Voltaren now bad for you: "Popular over-the-counter painkiller diclofenac - best known under the brand name Voltaren - has been found to increase the risk of stroke or heart attack by 40 per cent. The increase is similar to the extra heart-attack risk created by the now-withdrawn anti-arthritis drug rofecoxib, sold as Vioxx, whose US manufacturer, Merck, is fighting thousands of product-liability claims by patients blaming it for heart attacks or other injuries. The worldwide withdrawal of the bestselling Vioxx two years ago created safety fears over similar "Cox-2 inhibitor" drugs, such as celecoxib, sold as Celebrex. It helped increase sales of alternative anti-inflammatory and painkilling drugs, such as Voltaren. The latest study on diclofenac, published online today by the Journal of the American Medical Association, concludes there are "serious questions over the safety of diclofenac", which is available in Australia both on prescription and over the counter. It is sold as Voltaren, Dinac, Fenac, Diclohexal and under other names. The 50mg diclofenac tablet is one of the top 50 drugs subsidised by the federal Pharmaceutical Benefits Scheme, with almost 800,000 scripts written in the year to June last year."

Bionic eye?: "Some blind people are a step closer to having sight restored following a breakthrough by Australian researchers developing a "bionic eye". Early tests by scientist at Sydney's Prince of Wales Hospital have succeeded in stimulating limited visual sensation in people suffering a rare form of genetic blindness. After almost five years of testing on animals, Professor Minas Coroneo said recent human trials had produced positive results using the same technology employed in cochlear hearing implants. "We started with the tests earlier this year using a different approach to other groups," he said. "Instead of putting electrodes on the retina to try and stimulate the eye we have actually been putting them on the outer wall of the eye which we think gives us an advantage. "What we've been able to show is that we seem to be able to get signals through to the brain by stimulating the eye in that way." After the small electrodes were placed on the surface of the eye using a small contact lens, a video camera attached to a pair of glasses was used to pick up images and transfer them to the electrodes via a computer. The electrodes then stimulate the retina to send messages down the optic nerve to the visual area of the brain. "Most of the patients we tested it on see a spot of light and the light gets brighter the more we turn the power up," Prof Coroneo said. "The next step from here is that we want to implant a whole bunch of these electrodes and then run a little wire under the skin to behind the patients' ear where we will have a little plug which we can attach to the computer." However, the professor warned against premature celebrations, saying it would be probably five years until the devices were available.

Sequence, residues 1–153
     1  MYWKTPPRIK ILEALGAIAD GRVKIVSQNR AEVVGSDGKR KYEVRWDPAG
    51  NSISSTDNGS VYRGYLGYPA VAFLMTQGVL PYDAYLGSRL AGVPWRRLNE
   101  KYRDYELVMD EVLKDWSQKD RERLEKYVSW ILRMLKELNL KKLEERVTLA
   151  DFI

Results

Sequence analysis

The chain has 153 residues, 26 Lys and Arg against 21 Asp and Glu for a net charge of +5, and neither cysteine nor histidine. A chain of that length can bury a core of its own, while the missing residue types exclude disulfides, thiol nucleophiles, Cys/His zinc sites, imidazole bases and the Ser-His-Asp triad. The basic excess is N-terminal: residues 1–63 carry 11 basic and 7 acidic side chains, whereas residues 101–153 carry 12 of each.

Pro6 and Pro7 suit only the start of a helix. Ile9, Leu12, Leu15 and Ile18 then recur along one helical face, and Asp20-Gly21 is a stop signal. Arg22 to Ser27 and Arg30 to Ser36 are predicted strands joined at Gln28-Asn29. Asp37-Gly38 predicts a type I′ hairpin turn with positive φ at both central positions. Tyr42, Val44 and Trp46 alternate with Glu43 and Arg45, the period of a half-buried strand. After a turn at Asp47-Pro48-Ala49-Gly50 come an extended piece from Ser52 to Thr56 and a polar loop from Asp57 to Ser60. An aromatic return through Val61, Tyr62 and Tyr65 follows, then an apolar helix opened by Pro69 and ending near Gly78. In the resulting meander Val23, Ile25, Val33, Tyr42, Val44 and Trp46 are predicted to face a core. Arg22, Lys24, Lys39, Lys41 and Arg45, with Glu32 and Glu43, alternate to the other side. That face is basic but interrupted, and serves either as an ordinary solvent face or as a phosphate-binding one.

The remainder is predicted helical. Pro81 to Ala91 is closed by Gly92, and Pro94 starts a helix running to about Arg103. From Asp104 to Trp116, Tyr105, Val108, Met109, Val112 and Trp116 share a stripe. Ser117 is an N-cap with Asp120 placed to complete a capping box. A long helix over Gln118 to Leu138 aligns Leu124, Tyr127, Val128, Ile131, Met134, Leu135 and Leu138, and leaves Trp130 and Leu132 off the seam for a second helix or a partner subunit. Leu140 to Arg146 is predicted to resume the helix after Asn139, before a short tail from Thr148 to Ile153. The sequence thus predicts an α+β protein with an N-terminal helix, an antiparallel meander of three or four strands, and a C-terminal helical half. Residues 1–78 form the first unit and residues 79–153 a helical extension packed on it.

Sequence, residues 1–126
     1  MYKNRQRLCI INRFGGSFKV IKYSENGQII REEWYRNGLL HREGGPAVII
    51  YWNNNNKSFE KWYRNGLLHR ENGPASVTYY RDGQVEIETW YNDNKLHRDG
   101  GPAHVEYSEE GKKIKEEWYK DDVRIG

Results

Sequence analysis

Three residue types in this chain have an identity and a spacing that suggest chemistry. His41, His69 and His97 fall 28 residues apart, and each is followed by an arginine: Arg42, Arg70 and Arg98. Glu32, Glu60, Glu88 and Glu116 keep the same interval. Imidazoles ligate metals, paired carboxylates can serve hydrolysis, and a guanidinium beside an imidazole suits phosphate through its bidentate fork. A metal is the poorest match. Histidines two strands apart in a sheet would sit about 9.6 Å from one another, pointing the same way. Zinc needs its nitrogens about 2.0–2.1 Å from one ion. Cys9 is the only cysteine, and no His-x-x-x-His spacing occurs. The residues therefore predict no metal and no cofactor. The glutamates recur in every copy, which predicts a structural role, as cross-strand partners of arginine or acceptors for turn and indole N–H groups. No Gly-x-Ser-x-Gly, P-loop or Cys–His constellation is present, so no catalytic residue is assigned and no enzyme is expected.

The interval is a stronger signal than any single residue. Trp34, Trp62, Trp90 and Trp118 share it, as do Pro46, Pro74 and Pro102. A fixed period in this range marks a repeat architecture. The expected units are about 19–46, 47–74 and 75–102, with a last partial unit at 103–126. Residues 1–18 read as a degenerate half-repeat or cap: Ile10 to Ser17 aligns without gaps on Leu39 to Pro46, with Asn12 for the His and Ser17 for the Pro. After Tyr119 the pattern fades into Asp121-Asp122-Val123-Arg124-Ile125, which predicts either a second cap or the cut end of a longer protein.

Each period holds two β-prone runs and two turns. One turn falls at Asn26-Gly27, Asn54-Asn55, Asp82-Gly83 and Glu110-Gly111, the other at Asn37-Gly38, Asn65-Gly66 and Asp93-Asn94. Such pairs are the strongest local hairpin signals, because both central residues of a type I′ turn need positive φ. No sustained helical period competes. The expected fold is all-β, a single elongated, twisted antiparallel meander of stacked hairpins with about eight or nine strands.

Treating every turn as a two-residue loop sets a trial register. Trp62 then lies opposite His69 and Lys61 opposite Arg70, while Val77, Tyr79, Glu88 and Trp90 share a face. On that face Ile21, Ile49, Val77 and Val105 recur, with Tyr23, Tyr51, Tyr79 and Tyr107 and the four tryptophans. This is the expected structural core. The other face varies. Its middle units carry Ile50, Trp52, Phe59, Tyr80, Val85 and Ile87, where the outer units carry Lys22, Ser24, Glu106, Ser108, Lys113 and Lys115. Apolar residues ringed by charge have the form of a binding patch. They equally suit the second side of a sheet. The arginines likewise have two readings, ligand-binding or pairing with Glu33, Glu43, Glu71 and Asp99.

Germans would be amazed: "The House is once again confronting the slaughter of horses for meat, a practice lawmakers thought they had ended last year. Congress voted in 2005 to stop horse slaughter. But they didn't ban it outright -- lawmakers yanked the salaries and expenses of federal inspectors. In response, the Bush administration simply started charging slaughter plants for inspections. A vote was planned Thursday on whether to put an end to horse slaughter. Critics call the industry un-American." [To be unsentimental about it, horses are basically just cattle that run fast]


Just some problems with the "Obesity" war:

1). It tries to impose behavior change on everybody -- when most of those targeted are not obese and hence have no reason to change their behaviour. It is a form of punishing the innocent and the guilty alike. (It is also typical of Leftist thinking: Scorning the individual and capable of dealing with large groups only).

2). The longevity research all leads to the conclusion that it is people of MIDDLING weight who live longest -- not slim people. So the "epidemic" of obesity is in fact largely an "epidemic" of living longer.

3). It is total calorie intake that makes you fat -- not where you get your calories. Policies that attack only the source of the calories (e.g. "junk food") without addressing total calorie intake are hence pissing into the wind. People involuntarily deprived of their preferred calorie intake from one source are highly likely to seek and find their calories elsewhere.

4). So-called junk food is perfectly nutritious. A big Mac meal comprises meat, bread, salad and potatoes -- which is a mainstream Western diet. If that is bad then we are all in big trouble.

5). Food warriors demonize salt and fat. But we need a daily salt intake to counter salt-loss through perspiration and the research shows that people on salt-restricted diets die SOONER. And Eskimos eat huge amounts of fat with no apparent ill-effects. And the average home-cooked roast dinner has LOTS of fat. Will we ban roast dinners?

6). The foods restricted are often no more calorific than those permitted -- such as milk and fruit-juice drinks.

7). Tendency to weight is mostly genetic and is therefore not readily susceptible to voluntary behaviour change.